We should truly celebrate the fact that this year’s Nobel peace prize has been awarded to three women who in various ways have demonstrated the decisive nature of women’s participation for efforts to create lasting peace. For far too long, understandings of women’s roles in war have been marked by a one-sided focus on their need for protection. Like children and old people, women have generally been viewed as helpless victims of war and violence. Their political significance is often defined in terms of their need for protection, rather than what they can contribute to efforts to bring an end to conflict and rebuild society after war.
The 2011 Nobel peace prize highlights the important roles that women play in war and peace, even when the conditions for their involvement are not always optimal. Ellen Johnson Sirleaf, Leymah Gbowee and Tawakkul Karman are not simply female role models: they are three human beings who have each made an important contribution to democracy, freedom of speech and peace – as well as against abuse and repression. By giving the prize to three women who – from different starting points and using different means – have succeeded in influencing political developments in their own countries, the Nobel committee also highlights the fact that women’s influence takes many forms.
The prize, the Committee declares, has been awarded to these three women ‘on account of their nonviolent struggle for the security of women and women’s right to participate fully in peacebuilding work’. The commitment to using nonviolent means – particularly visible in the cases of Gbowee og Karman – is important here, just as it was in the award of last year prize’s to Liu Xiabao. In this, the committee is taking up an old theme in the peace prize’s history. On many occasions in its early years, prior to World War I, the prize was awarded to individuals who espoused a purely pacifist agenda.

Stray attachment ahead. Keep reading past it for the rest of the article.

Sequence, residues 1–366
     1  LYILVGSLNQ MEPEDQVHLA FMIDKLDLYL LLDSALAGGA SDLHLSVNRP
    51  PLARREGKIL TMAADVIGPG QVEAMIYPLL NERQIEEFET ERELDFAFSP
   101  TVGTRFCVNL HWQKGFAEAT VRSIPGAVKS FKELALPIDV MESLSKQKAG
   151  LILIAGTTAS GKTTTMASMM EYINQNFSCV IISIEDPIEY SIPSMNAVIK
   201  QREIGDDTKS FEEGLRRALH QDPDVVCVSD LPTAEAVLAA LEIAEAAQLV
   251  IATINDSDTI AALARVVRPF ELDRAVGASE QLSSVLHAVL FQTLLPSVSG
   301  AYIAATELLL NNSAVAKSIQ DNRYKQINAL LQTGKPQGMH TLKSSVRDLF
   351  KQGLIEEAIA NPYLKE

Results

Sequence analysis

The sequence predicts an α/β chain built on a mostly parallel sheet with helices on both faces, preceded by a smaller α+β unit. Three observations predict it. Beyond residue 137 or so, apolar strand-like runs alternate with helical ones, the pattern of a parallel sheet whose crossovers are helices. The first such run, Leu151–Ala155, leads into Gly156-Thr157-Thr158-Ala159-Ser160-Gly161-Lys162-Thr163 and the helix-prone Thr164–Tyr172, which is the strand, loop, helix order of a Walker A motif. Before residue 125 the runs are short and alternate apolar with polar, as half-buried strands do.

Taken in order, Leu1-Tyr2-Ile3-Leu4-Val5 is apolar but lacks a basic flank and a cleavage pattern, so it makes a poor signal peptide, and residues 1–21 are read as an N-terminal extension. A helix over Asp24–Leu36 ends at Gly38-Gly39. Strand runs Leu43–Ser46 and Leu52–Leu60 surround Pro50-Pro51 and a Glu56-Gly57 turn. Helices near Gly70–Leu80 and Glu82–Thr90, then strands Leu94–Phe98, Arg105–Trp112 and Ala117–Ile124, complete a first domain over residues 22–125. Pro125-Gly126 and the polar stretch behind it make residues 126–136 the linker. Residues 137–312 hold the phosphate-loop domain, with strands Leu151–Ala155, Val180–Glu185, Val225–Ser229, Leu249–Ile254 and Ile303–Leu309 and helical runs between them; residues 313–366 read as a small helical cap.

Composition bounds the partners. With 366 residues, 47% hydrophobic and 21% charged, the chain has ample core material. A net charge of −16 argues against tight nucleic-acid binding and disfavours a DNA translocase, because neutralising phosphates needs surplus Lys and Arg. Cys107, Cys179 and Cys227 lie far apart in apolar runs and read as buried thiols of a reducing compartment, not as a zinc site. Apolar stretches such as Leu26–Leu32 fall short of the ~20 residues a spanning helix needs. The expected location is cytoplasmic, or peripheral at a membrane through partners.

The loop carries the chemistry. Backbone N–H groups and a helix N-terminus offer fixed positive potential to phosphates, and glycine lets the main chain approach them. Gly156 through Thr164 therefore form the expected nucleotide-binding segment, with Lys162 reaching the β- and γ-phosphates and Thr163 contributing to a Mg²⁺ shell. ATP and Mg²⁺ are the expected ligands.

It is a commonly held view that the involvement of women in issues of peace and conflict stems from pacifist convictions. Indeed, it is often suggested that women will be more concerned with finding nonviolent ways to resolve heated conflicts because of the nature of the maternal role and children’s need for protection. However, the idea that women are biologically inclined to pacifism seems rather weak. Women comprised a large part of the guerrilla forces active in many of Central America’s conflicts during the 1980s, while their percentage among the Tamil Tigers in Sri Lanka was high.
Though women’s participation in political processes may be vital for peace, this does not mean that women are equipped from birth with a desire to work in such a direction. The fact that women have agency also entails that they are able both to incite and to carry out acts of violence. There is little to suggest, for example, that female heads of state behave more peaceably than their male colleagues. Benazir Bhutto, Indira Gandhi and Golda Meir were all prominent female heads of state who were prepared to resort to harsh measures to achieve their goals.
This is the first time that the prize has been dedicated to highlighting women’s legitimate role. This is a great source of pleasure in itself, especially since this year’s prize increases the number of women who have received the prestigious award from 12 to 15. However, this is not just a prize for women. Rather, it emphasizes that we will all benefit from a world in which women and men are able to participate equally in political processes, and that equal relations between the two sexes are an important element of a peaceful society. Through a more gender-balanced understanding of armed conflict, along with what is required to end it, we will hopefully be able to achieve a more lasting peace.
Kristian Berg Harpviken and Inger Skjelsbæk, Peace Research Institute Oslo (PRIO)